Not only that, they are highly symmetric, obey a number of strong transformation laws and are very beautiful:

    Whereas (colourful) 2D plots of modular forms are (relatively) easy to make with current software and are readily available on the internet, in this project we would like to add one dimension: make 3D models of some modular forms with a 3D printer.

    The project consists of understanding the definition of modular forms, studying examples and making 2D images of some modular forms in order to get a feeling of what they look like, before creating files for printing some modular forms on a 3D printer.

    As mathematical prerequisites, the courses of the first year are sufficient. The 2D plotting can be done, for instance, with SageMath, but other software can also be used. Experience with 3D printing is not necessary, but some time will be necessary to learn about it.

    supervisor: Gabor Wiese

  • Visualising roots of algebraic numbers ()

    This picture shows the zeros of the polynomials of degree at most 24 with coefficients either 1 or -1. A discussion around this fascinating topic of the (visualisation of the) distribution of roots of integral polynomials can be found here.

    The connected question of the proportion of irreducible (i.e. one cannot write them as a product of two integral polynomials in a non-trivial way, as you will learn (resp. learned) during your Algebra class) among all such polynomials is still being studied intensively, see e.g. here.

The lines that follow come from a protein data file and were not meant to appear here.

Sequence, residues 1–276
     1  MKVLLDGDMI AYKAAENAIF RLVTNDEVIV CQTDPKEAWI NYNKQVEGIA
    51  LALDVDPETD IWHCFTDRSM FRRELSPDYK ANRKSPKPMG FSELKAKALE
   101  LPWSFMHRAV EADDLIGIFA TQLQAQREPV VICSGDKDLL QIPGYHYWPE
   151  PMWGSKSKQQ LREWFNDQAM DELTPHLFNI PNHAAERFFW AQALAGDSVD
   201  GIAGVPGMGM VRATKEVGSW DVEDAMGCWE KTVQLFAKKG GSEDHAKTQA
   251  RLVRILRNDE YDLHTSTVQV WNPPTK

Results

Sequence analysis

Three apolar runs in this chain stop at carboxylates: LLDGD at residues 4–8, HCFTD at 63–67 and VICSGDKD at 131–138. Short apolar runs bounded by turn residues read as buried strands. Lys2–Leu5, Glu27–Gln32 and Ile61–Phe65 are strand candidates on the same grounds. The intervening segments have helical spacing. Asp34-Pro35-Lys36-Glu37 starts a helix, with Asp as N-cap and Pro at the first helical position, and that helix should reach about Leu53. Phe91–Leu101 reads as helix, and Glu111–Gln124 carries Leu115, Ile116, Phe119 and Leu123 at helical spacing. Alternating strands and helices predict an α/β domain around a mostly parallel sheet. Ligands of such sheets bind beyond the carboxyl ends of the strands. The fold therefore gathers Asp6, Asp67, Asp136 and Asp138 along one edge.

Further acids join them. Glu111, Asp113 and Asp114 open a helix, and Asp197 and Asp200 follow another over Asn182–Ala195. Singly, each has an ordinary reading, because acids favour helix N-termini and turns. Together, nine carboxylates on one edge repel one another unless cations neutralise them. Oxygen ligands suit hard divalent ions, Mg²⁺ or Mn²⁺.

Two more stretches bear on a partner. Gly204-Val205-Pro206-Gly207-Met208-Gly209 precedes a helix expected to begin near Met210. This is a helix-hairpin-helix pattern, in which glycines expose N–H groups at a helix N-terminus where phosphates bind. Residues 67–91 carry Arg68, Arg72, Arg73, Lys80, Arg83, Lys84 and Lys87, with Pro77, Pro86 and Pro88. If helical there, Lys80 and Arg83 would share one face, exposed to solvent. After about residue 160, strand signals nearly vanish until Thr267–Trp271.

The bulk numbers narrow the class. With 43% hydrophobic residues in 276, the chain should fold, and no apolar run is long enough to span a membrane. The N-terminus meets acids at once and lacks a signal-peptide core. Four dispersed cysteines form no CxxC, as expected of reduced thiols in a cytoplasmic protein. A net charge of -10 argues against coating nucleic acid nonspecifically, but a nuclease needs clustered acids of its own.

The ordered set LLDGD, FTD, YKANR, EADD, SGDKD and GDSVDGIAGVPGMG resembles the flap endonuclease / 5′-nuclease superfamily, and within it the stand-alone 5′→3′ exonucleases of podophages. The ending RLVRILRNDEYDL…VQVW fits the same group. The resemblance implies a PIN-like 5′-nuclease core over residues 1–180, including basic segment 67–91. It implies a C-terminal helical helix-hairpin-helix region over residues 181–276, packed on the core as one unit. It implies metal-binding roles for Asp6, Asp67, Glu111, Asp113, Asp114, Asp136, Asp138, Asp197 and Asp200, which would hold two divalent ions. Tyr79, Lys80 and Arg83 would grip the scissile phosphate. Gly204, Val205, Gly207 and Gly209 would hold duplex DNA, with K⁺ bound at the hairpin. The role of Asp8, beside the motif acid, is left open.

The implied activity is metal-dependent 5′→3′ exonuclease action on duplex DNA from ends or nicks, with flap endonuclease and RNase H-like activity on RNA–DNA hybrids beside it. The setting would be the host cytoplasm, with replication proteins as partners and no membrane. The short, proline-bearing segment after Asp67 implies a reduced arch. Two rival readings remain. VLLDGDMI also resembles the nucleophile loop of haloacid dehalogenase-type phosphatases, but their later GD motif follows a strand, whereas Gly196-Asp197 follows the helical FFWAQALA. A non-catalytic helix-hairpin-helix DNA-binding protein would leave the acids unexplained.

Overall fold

A systematic study (which is partly accessible to students) of the distribution of the roots (from a hyperbolic perspective) has recently been undertaken by the three mathematicians Edmund Harriss, Katherine E. Stange and Steve Trettel and led, among others, to the website Algebraic Starscapes.

    The project will be a computer experimentation with integral polynomials and their roots. Students might start by reproducing (some simple version of) some pictures found on the mentioned websites, and then create their own ones as variations (e.g. other sets of polynomials, other colourings, other normalisations, etc.).

    Along the way, observations shall be made, illustrated by pictures and, if possible, explained.

    supervisor: Gabor Wiese

  • Rational points on quadratic varieties ()

    A quadric in $n$-dimensional projective space is the zero set of a homogeneous quadratic equation in $n+1$ variables. Whereas the real points (in 2- or 3-dimensional projective space) lead to nice pictures, we will be interested in rational points, i.e. points with rational coordinates. Since we work in projective space, we can arrange the coordinates to be integers.

    A simple example is the unit circle (with centre the origin), given by the polynomial $X^2 + Y^2 - Z^2$. Its rational points correspond to Pythagorean triples.

    Further, we will be interested in intersections of quadratics, leading to quadratic surfaces. This is actually quite general because a theorem of Mumford asserts that every projective variety can be written as an intersection of quadrics (if a good embedding into a projective space is chosen). In general, varieties are expected to have few rational points.